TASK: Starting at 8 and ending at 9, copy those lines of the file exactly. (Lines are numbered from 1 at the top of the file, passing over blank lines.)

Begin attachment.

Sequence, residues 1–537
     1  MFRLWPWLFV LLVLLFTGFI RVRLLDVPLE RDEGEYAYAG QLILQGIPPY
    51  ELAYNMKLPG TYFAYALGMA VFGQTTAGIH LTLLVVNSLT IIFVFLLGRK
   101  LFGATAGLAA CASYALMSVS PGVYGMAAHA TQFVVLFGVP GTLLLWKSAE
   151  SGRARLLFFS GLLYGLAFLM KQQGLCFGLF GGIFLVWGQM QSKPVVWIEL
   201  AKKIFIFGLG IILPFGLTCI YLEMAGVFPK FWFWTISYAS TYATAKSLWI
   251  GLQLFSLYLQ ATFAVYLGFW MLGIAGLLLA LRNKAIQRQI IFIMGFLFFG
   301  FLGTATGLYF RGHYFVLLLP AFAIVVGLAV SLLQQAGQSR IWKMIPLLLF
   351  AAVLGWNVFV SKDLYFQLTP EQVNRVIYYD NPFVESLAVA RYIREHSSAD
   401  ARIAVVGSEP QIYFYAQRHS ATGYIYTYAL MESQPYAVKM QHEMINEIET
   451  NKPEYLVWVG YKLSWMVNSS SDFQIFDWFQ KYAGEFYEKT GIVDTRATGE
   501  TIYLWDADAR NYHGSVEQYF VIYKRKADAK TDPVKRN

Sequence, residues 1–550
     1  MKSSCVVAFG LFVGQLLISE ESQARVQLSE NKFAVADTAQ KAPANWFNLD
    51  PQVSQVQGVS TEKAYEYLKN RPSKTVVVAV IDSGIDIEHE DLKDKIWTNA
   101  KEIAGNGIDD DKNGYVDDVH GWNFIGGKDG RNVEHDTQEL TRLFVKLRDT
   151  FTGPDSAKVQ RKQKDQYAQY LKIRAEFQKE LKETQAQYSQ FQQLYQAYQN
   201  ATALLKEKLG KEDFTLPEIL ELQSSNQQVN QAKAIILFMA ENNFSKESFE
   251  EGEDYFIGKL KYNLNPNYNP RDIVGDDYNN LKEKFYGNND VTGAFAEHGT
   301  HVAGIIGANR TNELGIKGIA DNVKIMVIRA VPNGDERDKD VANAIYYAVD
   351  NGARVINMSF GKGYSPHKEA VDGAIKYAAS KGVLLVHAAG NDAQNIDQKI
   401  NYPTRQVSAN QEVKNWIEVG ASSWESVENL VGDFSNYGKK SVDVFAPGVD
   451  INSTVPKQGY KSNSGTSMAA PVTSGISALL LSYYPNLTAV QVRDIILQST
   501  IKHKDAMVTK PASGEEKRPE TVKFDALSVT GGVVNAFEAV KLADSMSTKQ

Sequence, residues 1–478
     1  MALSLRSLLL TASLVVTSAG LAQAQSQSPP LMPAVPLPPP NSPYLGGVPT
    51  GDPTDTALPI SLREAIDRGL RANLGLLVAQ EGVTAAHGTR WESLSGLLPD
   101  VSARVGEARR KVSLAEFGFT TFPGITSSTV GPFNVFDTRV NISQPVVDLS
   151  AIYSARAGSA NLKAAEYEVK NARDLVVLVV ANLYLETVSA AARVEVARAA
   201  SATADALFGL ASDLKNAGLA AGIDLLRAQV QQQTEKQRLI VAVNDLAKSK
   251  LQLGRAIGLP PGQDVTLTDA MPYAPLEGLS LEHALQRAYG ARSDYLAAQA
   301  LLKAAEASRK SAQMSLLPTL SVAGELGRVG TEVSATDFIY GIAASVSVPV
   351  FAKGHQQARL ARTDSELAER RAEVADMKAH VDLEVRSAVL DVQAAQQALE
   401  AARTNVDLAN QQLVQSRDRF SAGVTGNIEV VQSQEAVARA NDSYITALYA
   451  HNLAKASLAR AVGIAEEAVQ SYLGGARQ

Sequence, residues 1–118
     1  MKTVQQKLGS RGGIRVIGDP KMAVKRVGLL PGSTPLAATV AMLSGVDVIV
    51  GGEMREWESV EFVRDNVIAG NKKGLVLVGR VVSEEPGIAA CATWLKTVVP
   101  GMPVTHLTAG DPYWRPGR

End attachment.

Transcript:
   301  FLGTATGLYF RGHYFVLLLP AFAIVVGLAV SLLQQAGQSR IWKMIPLLLF
   351  AAVLGWNVFV SKDLYFQLTP EQVNRVIYYD NPFVESLAVA RYIREHSSAD